A former USC admissions official was sentenced Thursday to probation with nine months in home detention for accepting thousands of dollars in payments to ensure graduate school admission for unqualified international students.

Hiu Kit David Chong was also ordered to serve 30 hours of community service and immediately pay a $40,000 fine, according to the U.S. Attorney’s Office.

Chong, 36, of Arcadia admitted to falsifying applicants’ admission packets with doctored college transcripts, phony letters of recommendation and fraudulent personal statements in exchange for $8,000 to $12,000 per student. His case is not part of the nationwide college admissions scandal.

Chong pleaded guilty in Los Angeles federal court in April to a single wire fraud count, a felony carrying a possible penalty of up to 20 years behind bars.

As the assistant director of USC’s Office of Graduate Admissions from September 2008 to March 2016, Chong told Chinese nationals he could assist them in obtaining admission into a graduate degree program at the university. He furthered the scheme by operating a now-defunct Monterey Park academic consulting company, according to the U.S. Attorney’s Office.

The defendant purchased phony college transcripts purporting to be from Chinese universities and instructed his supplier to create transcripts to show falsely inflated grade point averages.

Chong admitted he submitted the phony documents in the students’ USC application packets, including fraudulent letters of recommendation and fabricated personal statements purportedly written by the applicants.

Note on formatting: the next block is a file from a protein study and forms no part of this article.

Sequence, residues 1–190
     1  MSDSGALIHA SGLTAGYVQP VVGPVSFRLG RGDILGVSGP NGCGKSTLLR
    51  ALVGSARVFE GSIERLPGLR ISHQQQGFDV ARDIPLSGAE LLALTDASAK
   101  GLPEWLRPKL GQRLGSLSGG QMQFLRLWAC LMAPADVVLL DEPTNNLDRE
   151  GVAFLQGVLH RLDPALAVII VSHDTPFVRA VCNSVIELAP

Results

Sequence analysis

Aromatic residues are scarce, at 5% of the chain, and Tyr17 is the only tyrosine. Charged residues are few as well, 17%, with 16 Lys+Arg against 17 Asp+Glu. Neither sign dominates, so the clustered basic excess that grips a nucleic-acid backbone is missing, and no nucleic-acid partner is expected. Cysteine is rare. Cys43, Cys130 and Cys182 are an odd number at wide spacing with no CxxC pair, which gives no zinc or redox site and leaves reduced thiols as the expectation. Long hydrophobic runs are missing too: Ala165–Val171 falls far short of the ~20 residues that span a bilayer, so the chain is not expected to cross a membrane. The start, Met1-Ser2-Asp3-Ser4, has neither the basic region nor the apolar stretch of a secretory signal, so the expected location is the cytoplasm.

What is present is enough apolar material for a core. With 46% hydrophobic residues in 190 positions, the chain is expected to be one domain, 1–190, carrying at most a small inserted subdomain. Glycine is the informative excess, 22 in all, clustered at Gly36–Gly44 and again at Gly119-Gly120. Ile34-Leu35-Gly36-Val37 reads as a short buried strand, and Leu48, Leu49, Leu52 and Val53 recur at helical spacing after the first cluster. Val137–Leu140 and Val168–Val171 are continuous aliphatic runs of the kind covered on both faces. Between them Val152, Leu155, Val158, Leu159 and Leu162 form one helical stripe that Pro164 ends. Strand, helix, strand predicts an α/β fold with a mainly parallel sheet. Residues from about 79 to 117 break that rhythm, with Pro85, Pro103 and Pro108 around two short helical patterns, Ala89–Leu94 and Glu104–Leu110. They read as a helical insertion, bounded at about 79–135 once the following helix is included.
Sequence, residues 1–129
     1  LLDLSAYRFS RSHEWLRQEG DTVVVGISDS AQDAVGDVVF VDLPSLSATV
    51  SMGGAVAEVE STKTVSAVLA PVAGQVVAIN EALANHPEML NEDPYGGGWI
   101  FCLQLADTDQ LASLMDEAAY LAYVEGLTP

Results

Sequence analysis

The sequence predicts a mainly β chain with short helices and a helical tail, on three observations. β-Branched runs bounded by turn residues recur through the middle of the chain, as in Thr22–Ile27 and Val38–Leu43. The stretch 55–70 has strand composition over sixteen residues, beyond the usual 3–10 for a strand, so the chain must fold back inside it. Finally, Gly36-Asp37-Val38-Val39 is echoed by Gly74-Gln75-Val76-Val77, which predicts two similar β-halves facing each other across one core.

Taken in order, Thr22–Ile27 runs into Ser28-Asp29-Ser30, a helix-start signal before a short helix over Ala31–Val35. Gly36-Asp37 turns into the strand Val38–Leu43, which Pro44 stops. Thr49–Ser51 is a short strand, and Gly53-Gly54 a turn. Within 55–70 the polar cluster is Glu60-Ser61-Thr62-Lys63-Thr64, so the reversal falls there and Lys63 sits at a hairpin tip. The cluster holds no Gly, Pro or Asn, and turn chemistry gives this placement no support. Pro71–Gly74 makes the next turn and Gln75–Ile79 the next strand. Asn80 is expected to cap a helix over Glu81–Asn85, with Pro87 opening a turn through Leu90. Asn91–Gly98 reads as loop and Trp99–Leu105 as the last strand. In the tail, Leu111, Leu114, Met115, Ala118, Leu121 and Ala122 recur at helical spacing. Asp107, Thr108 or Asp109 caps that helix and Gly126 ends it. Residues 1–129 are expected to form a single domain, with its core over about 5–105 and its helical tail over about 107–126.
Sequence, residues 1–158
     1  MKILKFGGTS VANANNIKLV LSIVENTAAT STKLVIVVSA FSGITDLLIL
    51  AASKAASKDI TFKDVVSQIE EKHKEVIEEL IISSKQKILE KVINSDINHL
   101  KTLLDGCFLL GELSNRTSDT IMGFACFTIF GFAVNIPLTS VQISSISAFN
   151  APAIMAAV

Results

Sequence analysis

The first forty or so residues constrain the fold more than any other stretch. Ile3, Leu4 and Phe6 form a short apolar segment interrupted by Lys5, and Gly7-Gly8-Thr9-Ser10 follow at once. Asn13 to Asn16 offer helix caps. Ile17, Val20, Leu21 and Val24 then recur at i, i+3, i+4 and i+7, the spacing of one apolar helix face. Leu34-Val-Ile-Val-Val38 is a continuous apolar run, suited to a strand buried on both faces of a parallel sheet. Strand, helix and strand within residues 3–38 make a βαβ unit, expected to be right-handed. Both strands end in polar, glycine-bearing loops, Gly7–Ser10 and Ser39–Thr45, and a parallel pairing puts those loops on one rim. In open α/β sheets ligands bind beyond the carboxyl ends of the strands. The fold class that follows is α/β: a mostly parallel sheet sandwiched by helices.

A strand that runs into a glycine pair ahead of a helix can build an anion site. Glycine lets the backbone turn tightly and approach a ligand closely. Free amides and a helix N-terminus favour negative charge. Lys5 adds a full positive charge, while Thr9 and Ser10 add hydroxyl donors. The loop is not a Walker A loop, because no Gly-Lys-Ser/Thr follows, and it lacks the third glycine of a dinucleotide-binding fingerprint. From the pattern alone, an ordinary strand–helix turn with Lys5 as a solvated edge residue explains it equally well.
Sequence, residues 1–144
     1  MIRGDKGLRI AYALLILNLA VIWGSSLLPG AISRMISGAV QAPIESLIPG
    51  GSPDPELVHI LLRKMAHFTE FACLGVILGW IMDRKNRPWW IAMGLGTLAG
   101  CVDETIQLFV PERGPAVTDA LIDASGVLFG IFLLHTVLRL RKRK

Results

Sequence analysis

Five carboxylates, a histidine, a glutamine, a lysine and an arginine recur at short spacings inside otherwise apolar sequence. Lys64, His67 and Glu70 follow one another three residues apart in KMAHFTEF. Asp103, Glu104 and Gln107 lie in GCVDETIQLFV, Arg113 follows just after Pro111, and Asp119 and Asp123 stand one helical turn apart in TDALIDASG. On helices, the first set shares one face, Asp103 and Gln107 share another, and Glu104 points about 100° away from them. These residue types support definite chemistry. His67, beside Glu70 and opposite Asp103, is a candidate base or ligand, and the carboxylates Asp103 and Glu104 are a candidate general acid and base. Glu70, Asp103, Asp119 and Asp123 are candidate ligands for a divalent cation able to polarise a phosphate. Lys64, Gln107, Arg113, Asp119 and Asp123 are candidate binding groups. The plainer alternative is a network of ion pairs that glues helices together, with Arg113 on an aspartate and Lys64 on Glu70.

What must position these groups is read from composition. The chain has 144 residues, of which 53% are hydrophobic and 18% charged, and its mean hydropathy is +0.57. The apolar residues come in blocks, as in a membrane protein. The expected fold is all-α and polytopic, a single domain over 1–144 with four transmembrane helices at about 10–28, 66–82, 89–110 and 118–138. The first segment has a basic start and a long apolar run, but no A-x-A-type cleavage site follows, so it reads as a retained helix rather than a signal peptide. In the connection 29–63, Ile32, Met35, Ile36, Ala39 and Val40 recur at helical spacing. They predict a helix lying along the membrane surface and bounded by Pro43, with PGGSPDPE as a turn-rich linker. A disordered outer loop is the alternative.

He also offered to research how to arrange for a surrogate test taker to take the English as a Foreign Language exam, the results of which USC would consider when making decisions regarding admissions applications.

Chong also admitted to helping three unqualified international students gain admission to USC using phony application materials.

Chong said he was paid $38,000 from international students and people he believed were working with international students, including an undercover law enforcement official. He also received additional payments from other international students as part of the scheme, resulting in profits of $40,000, federal prosecutors said.

USC issued a statement in April saying the university cooperated with the federal investigation.

“Chong concealed these actions from the university and continued engaging in them for 2 1/2 years after he left USC,” according to the university.

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